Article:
Thurston County should join the growing number of cities and counties banning single-use plastic carry-out bags, but it would be even better if the Washington Legislature acted to avoid a crazy-quilt of bans across the state.
There are plenty of documented benefits and practically no downside to a ban, which has the support of the Northwest Grocery Association, an organization representing the state’s grocery retailers, wholesalers, suppliers and brokers.
Thurston County residents use an estimated 90 million of the flimsy plastic bags every year, most only once and for an average of about 12 minutes. Americans use 300 billion annually.
Fewer than 5 percent of the bags get recycled, the rest end up in landfills or fly away to line fences and trees and are eventually washed down rivers or streams into the ocean. Among the common trash items found on beaches, the bags rank second, contributing significantly to the massive patch of garbage swirling together in the Pacific Ocean, north of the Hawaiian Islands.
The Thurston County Solid Waste Advisory Committee is doing community outreach to citizens and city councils to determine how the South Sound feels about plastic bags, and to what extent people would be willing to support efforts to reduce their impact on the environment.
One of their efforts is an online poll – surveymonkey.com/s/ tcbagsurvey. Of the 1,200 who have taken the poll so far, 43 percent say they would support a ban on plastic bags, and 36 percent say they would not.
The Solid Waste Advisory Committee plans community meetings throughout the summer, and will compile its final report in November. After that, any further action will be up to the county commission.
It’s surprising that Olympia, a city with such a strong environmental constituency, has not yet banned the bags. Seattle’s ban went into effect at the beginning of the month, joining Bellingham, Mukilteo, Edmonds and Bainbridge Island.
From Alaska to North Carolina, and California to New York, some jurisdictions in most states have enacted plastic bag bans. These laws usually only prohibit the thin single-use bags at grocery stores, put a five-cent fee on paper bags and provide for public service campaigns to encourage reusable grocery bags.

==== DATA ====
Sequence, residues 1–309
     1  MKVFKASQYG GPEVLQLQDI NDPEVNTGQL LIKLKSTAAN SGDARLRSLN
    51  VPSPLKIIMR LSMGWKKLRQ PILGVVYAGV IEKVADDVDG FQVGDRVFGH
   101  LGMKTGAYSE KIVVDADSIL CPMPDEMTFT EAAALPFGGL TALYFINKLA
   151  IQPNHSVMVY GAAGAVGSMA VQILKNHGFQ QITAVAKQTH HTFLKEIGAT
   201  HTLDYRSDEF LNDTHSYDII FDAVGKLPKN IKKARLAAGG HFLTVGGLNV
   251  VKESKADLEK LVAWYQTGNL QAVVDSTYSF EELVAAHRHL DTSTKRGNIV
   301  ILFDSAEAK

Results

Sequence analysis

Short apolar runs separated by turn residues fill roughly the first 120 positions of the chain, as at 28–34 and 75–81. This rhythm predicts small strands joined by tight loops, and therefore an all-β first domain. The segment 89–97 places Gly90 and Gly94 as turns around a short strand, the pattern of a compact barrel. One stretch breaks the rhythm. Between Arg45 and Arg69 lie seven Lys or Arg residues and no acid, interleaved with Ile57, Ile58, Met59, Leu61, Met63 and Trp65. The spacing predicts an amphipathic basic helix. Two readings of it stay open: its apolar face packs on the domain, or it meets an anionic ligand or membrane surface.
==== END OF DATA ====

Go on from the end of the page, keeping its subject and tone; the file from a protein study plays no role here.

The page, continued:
More than 50 jurisdictions in California have banned the bags, including Los Angeles County. And Los Angeles itself recently became the largest city in the United States to outlaw them.
When Honolulu County approved a ban in May – that takes effect in January 2013 – Hawaii became the first state in the nation to outlaw the bags. Hawaiians know first-hand how many bits of plastic are making their way into the Pacific, soaking up toxins like sponges and entering our food chain through the marine life that consumes it.
It’s simply time to eliminate these harmful bags. We used to package fast food in Styrofoam boxes, because it was cheap and easy, or so we thought. Once consumers and businesses realized the true costs of the environmental cleanup, it was a painless transition back to paper containers. No one misses Styrofoam, certainly not our city sewers or the mid-ocean garbage gyres.
There is simply no good reason to continue using the plastic bags when there is a constructive alternative available: reusable bags. Grocery stores have been encouraging these for some time, often giving them away.
Until the infamous “paper or plastic” option goes away, too many well-intentioned shoppers will forget their reusable bags in their cars.
The Solid Waste Advisory Committee will likely find broad support for a bag ban. The county commission must then do the right thing, with the support of every city council, and pass an ordinance banning single-use plastic bags.
Besides, when did shoppers become entitled to free bags? It’s a convenience we’ve come to expect, but which our planet can no longer afford.